In the case of programming language evolution shortages Java::Geci is just as good, from the technical point of view. There is no technical difference between code generation for domain-specific reasons and code generation for language evolution shortage reason. In the case of language evolution issues, however, it is likely that you will find other code generation tools that also solve the issue. To generate equals() and hashCode() you can use the integrated development environment. There can be nothing simpler than selecting a menu from the IDE and click: “generate equals and hashCode”.

    This solves all but one of the above problems, assuming that the generated code is well-behaving. That only one problem is that whenever the code is updated it will not run the code generator again to update the generated code. This is something that IDEs can hardly compete with Java::Geci. It is more steps to set up the Java::Geci framework than just clicking a few menu items. You need the test dependency, you have to create a unit test method and you have to annotate the class that needs the generator, or as an alternative, you have to insert an editor-fold block into the code that will contain the generated code. However, after that, you can forget the generator and you do not need to worry about any of the developers in your team forgetting to regenerate the equals() or hashCode() method.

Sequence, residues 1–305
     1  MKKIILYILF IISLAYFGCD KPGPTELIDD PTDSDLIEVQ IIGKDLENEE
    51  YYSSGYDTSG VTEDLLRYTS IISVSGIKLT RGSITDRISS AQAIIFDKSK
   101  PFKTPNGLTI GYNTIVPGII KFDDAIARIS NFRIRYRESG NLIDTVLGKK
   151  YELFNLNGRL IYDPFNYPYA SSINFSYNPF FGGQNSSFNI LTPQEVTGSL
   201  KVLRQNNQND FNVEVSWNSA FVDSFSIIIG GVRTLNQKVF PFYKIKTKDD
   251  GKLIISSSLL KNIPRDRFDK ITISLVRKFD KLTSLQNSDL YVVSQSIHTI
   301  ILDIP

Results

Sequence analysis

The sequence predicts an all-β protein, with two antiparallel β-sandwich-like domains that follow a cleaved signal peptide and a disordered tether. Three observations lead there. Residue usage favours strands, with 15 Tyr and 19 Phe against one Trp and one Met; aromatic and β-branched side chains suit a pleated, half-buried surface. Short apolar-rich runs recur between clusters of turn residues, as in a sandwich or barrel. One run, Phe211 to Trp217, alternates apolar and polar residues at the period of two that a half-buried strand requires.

Takeaway

    • Having the proper equals() and hashCode() methods for a class is not as simple as it seems. Writing them manually is hardly ever the best approach.

    • Use come tool that generates them and ensure that the generated code and the code generation does not exhibit any of the above common mistakes.

    • If you just need it Q&D then use the IDE menu and generate the methods. On the other hand, if you have a larger codebase, with many developers working on it and it is possible that the code generation may need re-execution then use a tool that automates the execution of the code generation. Example: Java::Geci.

    • Use the newest possibe version of the tools, like Java so that you do not lag behind available technology.